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The Law of Limitation has sounded the death knell for many a claim by creditors at the very threshold, regardless of how strong the claim may have been on merits. While traditional legal systems for recovery of debts are bound by the provisions of the Limitation Act, 1963, the newly introduced Insolvency and Bankruptcy Code, 2016 (the Code) has, till date, not attracted the full rigour of the Limitation Act, 1963.
The issue of applicability of the Limitation Act, 1963 to the working of the Code was considered by the National Company Appellate Tribunal (NCLAT) in the matter of Neelkanth Township and Construction Pvt. Ltd. vs. Urban Infrastructure Trustee Ltd., numbered as Company Appeal (AT) (Insolvency) No.44 of 2017. In the aforesaid case, the NCLAT had categorically held that the provisions of the Limitation Act, 1963 would not apply to the Code. The relevant findings of the NCLAT are as follows:
“The next ground taken on behalf of the appellant is that the claim of the respondent is barred by limitation, as the Debentures were matured between the year 2011 – 2013 is not based on Law. There is nothing on the record that Limitation Act, 2013 is applicable to I&B Code. Learned Counsel for the appellant also failed to lay hand on any of the provision of I&B Code to suggest that the Law of Limitation Act, 1963 is applicable. The I&B Code, 2016 is not an Act for recovery of money claim, it relates to initiation of Corporate Insolvency Resolution Process. If there is a debt which includes interest and there is default of debt and having continuous course of action, the argument that the claim of money by Respondent is barred by Limitation cannot be accepted.”
However, subsequently in appeal, the Supreme Court in Neelkanth Township and Construction Pvt. Ltd. vs. Urban Infrastructure Trustee Ltd., numbered as Civil Appeal No.10711 of 2017, kept the question of the applicability of the Limitation Act, 1963 to the Code, open, while proceeding to dismiss the appeal.
Post the aforesaid development, the NCLAT has had the opportunity to consider once again, the question of applicability of the Law of Limitation in the judgment in Black Pearl Hotels Pvt. Ltd. vs. Planet M Retail Ltd., numbered as Company Appeal (AT) (Insolvency) No.91 of 2017, decided on 17th October, 2017. The aforesaid appeal stems from the decision of the National Company Law Tribunal, Mumbai, rejecting an application for initiation of insolvency proceedings by an operational creditor on the ground that the debt was barred by limitation.
The NCLAT did not expressly deal with the issue of whether the Limitation Act, 1963 does or does not apply to the Code. However, the NCLAT ruled that even if it is assumed that the Limitation Act, 1963 does apply to the Code, then the period of limitation with regard to the Code, would only start running from 1st December, 2016. The rationale given by the NCLAT is that the Insolvency and Bankruptcy Code, 2016 came into force with effect from 1st December, 2016 and as a consequence the right to apply under the Code, accrues only on or after 1st December, 2016 and not before the said date.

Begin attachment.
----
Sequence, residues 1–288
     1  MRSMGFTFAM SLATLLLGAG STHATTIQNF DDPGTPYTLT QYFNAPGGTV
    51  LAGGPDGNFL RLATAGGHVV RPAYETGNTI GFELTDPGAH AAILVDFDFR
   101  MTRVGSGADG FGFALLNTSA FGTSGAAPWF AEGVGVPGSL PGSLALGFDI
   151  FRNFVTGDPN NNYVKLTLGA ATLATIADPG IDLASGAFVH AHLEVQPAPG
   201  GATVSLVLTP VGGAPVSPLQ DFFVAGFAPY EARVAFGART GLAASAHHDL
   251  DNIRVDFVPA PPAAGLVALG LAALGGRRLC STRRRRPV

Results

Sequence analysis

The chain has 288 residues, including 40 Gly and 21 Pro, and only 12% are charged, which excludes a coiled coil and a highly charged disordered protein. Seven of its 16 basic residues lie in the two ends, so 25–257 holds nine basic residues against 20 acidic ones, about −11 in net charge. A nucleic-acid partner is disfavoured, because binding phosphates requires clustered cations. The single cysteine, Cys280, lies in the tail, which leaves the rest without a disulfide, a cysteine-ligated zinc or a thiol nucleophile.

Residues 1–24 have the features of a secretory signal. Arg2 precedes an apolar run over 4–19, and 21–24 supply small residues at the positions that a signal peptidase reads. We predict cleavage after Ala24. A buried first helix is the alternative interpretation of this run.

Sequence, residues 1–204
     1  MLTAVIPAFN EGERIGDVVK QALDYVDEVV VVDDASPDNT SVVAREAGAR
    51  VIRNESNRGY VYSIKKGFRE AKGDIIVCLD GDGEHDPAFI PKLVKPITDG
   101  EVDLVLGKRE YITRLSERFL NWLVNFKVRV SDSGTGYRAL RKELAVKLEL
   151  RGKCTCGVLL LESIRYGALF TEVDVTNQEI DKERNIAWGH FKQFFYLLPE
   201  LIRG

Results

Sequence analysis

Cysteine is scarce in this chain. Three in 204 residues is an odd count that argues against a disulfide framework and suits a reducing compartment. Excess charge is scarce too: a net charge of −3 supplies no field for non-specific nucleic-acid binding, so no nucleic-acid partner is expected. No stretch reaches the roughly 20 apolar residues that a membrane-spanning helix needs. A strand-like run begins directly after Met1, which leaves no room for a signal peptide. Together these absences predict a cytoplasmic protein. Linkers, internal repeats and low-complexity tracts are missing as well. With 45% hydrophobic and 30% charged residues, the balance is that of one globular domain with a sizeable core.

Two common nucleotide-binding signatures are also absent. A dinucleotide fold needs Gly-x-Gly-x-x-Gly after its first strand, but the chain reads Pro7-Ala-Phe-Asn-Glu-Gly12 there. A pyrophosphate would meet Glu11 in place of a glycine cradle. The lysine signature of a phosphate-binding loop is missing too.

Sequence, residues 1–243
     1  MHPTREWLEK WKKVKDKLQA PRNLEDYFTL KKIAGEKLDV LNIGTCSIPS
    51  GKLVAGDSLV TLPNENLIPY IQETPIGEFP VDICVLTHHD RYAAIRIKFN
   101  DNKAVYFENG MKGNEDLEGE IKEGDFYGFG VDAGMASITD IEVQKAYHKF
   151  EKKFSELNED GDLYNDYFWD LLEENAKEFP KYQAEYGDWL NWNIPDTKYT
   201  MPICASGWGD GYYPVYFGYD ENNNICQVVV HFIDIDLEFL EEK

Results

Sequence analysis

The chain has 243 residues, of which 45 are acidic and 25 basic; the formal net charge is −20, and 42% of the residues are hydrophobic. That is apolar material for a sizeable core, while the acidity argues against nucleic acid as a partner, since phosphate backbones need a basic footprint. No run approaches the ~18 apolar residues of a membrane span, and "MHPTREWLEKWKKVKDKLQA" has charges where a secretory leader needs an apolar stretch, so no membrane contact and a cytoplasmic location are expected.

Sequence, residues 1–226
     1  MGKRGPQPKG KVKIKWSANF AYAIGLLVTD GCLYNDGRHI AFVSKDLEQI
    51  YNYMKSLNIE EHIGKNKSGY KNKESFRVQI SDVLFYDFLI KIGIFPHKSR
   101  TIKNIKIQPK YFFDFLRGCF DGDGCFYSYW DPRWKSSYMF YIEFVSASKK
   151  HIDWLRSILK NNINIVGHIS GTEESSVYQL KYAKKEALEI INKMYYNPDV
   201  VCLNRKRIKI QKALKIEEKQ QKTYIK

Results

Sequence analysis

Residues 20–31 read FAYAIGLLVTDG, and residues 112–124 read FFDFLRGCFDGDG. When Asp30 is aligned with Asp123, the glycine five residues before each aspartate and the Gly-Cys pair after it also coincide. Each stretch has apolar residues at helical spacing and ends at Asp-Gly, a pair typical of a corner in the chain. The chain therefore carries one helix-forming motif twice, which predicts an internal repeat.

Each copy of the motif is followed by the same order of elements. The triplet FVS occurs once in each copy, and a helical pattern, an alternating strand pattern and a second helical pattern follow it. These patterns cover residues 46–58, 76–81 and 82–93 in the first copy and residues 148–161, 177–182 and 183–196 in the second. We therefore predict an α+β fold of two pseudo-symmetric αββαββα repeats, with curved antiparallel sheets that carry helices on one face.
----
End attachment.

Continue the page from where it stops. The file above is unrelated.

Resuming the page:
Such a ruling implies that for all debts, a fresh period of limitation starts running from the date of coming into force of the Code, with regard to proceedings under the Code. Thereby, regardless of the applicability of the Limitation Act, 1963 to the Code, all debts can be acted upon under the Code till the coming to an end of the limitation period as accounted from 1st December, 2016. Creditors have until 1st December, 2019 to initiate proceedings under the Insolvency and Bankruptcy Code, 2016, in terms of the judgment of the NCLAT. This right will accrue to creditors regardless of the applicability of the Limitation Act, 1963 to the Code.
The relevant finding of the NCLAT is as follows:
“Insolvency and Bankruptcy Code, 2016 has come into force with effect from 1st December, 2016. Therefore, the right to apply under I&B Code accrues only on or after 1st December, 2016 and not before the said date (1st December, 2016). As the right to apply under section 9 of I&B Code accrued to appellant since 1st December, 2016, the application filed much prior to three years, the said application cannot be held to be barred by limitation.”
The latest ruling by the NCLAT has seemingly afforded one final opportunity for creditors who would have otherwise have had no hope of enforcing their debts because of a delay in enforcing their rights. This window of opportunity has been left open to creditors regardless of whether the Limitation Act, 1963 is held to apply to the proceedings under the Code.
Swaroop George is an independent advocate practicing at New Delhi
(Read the Judgement)